An Induction field course: Isle of Purbeck and the New Forest National Park, Dorset
The aims of this induction fieldtrip are exceedingly straightforward, namely i) to get to know each other and chat about our respective interests, 2) to introduce the course ethos and philosophy, 3) To visit a set of sites that illustrate both a European approach to conservation and the interactions between landscapes, actors, institutions over time.
A week residential field course to Tenerife, Spain in the Easter vacation
Coming at the end of the taught component of the course this trip aids to consolidate and extend learning in relation to key themes in the course. For example: 1) Factors determining the distribution and ecologies of species over place and time, 2) The role of base-lines in shaping conservation science and policy, 3) How interplay of multi-level conservation governance and the specificities of place in producing conservation territories, 4) Techniques for engaging diverse publics in the conservation cause.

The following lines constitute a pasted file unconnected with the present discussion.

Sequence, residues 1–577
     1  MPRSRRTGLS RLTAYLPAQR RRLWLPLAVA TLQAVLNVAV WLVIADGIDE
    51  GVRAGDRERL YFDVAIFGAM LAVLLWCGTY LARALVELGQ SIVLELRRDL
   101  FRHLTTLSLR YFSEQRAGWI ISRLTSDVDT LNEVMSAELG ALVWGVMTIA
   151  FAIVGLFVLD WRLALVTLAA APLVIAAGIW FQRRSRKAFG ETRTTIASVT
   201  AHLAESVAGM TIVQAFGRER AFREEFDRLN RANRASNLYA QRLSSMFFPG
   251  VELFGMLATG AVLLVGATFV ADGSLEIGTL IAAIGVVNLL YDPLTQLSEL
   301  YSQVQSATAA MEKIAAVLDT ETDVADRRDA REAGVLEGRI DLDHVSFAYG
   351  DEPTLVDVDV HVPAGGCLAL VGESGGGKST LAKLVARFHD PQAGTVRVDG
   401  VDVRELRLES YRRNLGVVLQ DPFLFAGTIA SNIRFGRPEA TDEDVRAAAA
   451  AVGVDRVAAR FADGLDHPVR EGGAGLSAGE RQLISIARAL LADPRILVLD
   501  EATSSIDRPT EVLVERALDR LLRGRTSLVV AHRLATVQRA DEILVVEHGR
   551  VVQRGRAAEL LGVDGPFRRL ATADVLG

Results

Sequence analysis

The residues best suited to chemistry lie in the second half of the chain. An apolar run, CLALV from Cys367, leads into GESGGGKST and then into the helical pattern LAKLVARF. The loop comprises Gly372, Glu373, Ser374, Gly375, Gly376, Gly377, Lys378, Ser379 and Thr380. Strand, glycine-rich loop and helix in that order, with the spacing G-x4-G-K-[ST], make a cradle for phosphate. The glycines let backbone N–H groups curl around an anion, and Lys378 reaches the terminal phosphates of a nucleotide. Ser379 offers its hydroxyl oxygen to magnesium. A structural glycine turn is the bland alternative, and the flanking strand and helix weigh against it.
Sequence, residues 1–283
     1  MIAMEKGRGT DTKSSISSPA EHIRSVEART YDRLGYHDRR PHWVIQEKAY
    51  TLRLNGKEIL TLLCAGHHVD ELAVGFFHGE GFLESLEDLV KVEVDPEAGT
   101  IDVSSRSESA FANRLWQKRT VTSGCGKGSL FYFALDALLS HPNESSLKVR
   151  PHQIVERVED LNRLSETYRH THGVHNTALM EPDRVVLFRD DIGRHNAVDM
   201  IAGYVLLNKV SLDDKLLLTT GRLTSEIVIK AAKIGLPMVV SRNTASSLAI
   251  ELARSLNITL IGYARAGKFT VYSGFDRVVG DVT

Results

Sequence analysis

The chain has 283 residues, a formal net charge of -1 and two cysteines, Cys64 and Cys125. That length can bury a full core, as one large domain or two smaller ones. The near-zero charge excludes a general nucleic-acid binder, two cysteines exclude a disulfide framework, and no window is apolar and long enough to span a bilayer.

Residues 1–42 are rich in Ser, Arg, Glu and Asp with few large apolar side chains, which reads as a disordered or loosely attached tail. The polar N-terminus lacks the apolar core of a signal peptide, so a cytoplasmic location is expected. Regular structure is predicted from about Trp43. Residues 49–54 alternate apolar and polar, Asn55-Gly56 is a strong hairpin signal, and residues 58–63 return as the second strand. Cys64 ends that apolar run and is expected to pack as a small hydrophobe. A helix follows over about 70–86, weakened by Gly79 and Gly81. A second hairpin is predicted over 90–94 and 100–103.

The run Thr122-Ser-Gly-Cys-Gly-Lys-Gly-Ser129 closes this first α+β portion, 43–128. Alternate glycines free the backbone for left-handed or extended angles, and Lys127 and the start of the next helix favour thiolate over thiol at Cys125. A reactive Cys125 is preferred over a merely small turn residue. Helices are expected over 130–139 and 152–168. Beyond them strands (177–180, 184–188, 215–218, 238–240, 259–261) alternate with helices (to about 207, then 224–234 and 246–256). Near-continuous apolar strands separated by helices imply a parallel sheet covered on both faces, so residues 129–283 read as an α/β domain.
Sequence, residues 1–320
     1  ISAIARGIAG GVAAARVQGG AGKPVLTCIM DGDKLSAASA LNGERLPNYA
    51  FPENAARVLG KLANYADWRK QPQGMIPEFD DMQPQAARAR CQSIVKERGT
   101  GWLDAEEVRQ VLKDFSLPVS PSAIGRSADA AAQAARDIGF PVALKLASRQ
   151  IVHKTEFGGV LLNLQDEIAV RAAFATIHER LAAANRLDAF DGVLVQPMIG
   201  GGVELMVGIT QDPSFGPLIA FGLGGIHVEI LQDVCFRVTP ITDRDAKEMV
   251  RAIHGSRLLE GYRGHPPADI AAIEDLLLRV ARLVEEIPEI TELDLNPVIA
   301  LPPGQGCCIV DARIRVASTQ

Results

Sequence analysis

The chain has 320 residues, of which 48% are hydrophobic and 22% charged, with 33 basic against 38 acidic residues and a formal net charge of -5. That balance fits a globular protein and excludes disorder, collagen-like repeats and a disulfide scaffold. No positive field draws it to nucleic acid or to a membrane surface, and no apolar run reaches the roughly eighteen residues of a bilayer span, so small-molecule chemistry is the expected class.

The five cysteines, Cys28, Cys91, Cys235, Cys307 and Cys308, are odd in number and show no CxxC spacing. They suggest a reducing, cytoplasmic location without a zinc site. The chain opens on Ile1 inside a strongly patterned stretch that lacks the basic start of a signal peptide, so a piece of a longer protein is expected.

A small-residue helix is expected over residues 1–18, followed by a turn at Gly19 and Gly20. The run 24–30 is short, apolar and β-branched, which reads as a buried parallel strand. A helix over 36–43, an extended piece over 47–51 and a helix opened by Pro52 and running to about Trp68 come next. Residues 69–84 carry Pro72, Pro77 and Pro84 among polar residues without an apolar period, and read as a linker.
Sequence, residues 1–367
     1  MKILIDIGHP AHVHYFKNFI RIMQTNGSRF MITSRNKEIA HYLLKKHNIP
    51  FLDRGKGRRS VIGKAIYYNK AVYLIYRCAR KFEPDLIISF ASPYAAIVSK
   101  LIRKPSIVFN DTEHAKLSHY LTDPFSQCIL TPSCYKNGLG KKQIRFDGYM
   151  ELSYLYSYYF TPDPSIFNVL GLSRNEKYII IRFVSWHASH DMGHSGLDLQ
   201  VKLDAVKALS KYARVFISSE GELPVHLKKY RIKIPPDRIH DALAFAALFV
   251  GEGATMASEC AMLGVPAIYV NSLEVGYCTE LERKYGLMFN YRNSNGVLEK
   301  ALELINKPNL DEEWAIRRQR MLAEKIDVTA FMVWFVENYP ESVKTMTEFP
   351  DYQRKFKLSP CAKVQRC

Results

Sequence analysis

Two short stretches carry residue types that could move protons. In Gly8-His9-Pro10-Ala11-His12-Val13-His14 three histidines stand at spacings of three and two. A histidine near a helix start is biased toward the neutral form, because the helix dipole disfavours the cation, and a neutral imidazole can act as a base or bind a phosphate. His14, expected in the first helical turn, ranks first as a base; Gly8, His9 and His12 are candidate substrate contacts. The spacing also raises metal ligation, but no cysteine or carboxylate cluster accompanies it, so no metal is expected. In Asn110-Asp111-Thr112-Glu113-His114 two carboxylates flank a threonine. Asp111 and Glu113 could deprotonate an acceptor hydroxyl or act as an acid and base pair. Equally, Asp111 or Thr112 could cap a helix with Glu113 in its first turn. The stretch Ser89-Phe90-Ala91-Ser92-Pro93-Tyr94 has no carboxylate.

Transferable skills training
Integrated into the course and in particular the Professional Research Practice module are various activities and exercises designed to help you develop the professional skills and competencies to succeed in the workplace. These include popular and executive science writing, verbal communication, negotiating and lobbying, developing personal brand and a social media presence, interviewing, writing grant proposals, and basic project management. In addition, the University's IT and Library services offer a full range of IT and information skill courses.
Please note: The actual course content may vary from the information provided online and should therefore be taken to be indicative rather than tightly prescriptive.